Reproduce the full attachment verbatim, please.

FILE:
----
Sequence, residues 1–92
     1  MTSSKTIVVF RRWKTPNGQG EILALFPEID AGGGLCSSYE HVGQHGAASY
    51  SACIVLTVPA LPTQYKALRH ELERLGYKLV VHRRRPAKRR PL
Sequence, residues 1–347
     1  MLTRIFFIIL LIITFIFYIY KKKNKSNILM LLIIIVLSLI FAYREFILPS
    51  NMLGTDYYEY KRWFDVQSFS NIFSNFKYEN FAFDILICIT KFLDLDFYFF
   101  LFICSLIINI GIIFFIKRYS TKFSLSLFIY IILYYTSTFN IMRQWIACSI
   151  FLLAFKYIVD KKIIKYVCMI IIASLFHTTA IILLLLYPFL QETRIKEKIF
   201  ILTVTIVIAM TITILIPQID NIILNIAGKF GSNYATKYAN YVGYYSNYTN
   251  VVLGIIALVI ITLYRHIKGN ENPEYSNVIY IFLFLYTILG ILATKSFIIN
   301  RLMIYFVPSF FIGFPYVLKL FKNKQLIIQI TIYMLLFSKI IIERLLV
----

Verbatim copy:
Sequence, residues 1–92
     1  MTSSKTIVVF RRWKTPNGQG EILALFPEID AGGGLCSSYE HVGQHGAASY
    51  SACIVLTVPA LPTQYKALRH ELERLGYKLV VHRRRPAKRR PL
Sequence, residues 1–347
     1  MLTRIFFIIL LIITFIFYIY KKKNKSNILM LLIIIVLSLI FAYREFILPS
    51  NMLGTDYYEY KRWFDVQSFS NIFSNFKYEN FAFDILICIT KFLDLDFYFF
   101  LFICSLIINI GIIFFIKRYS TKFSLSLFIY IILYYTSTFN IMRQWIACSI
   151  FLLAFKYIVD KKIIKYVCMI IIASLFHTTA IILLLLYPFL QETRIKEKIF
   201  ILTVTIVIAM TITILIPQID NIILNIAGKF GSNYATKYAN YVGYYSNYTN
   251  VVLGIIALVI ITLYRHIKGN ENPEYSNVIY IFLFLYTILG ILATKSFIIN
   301  RLMIYFVPSF FIGFPYVLKL FKNKQLIIQI TIYMLLFSKI IIERLLV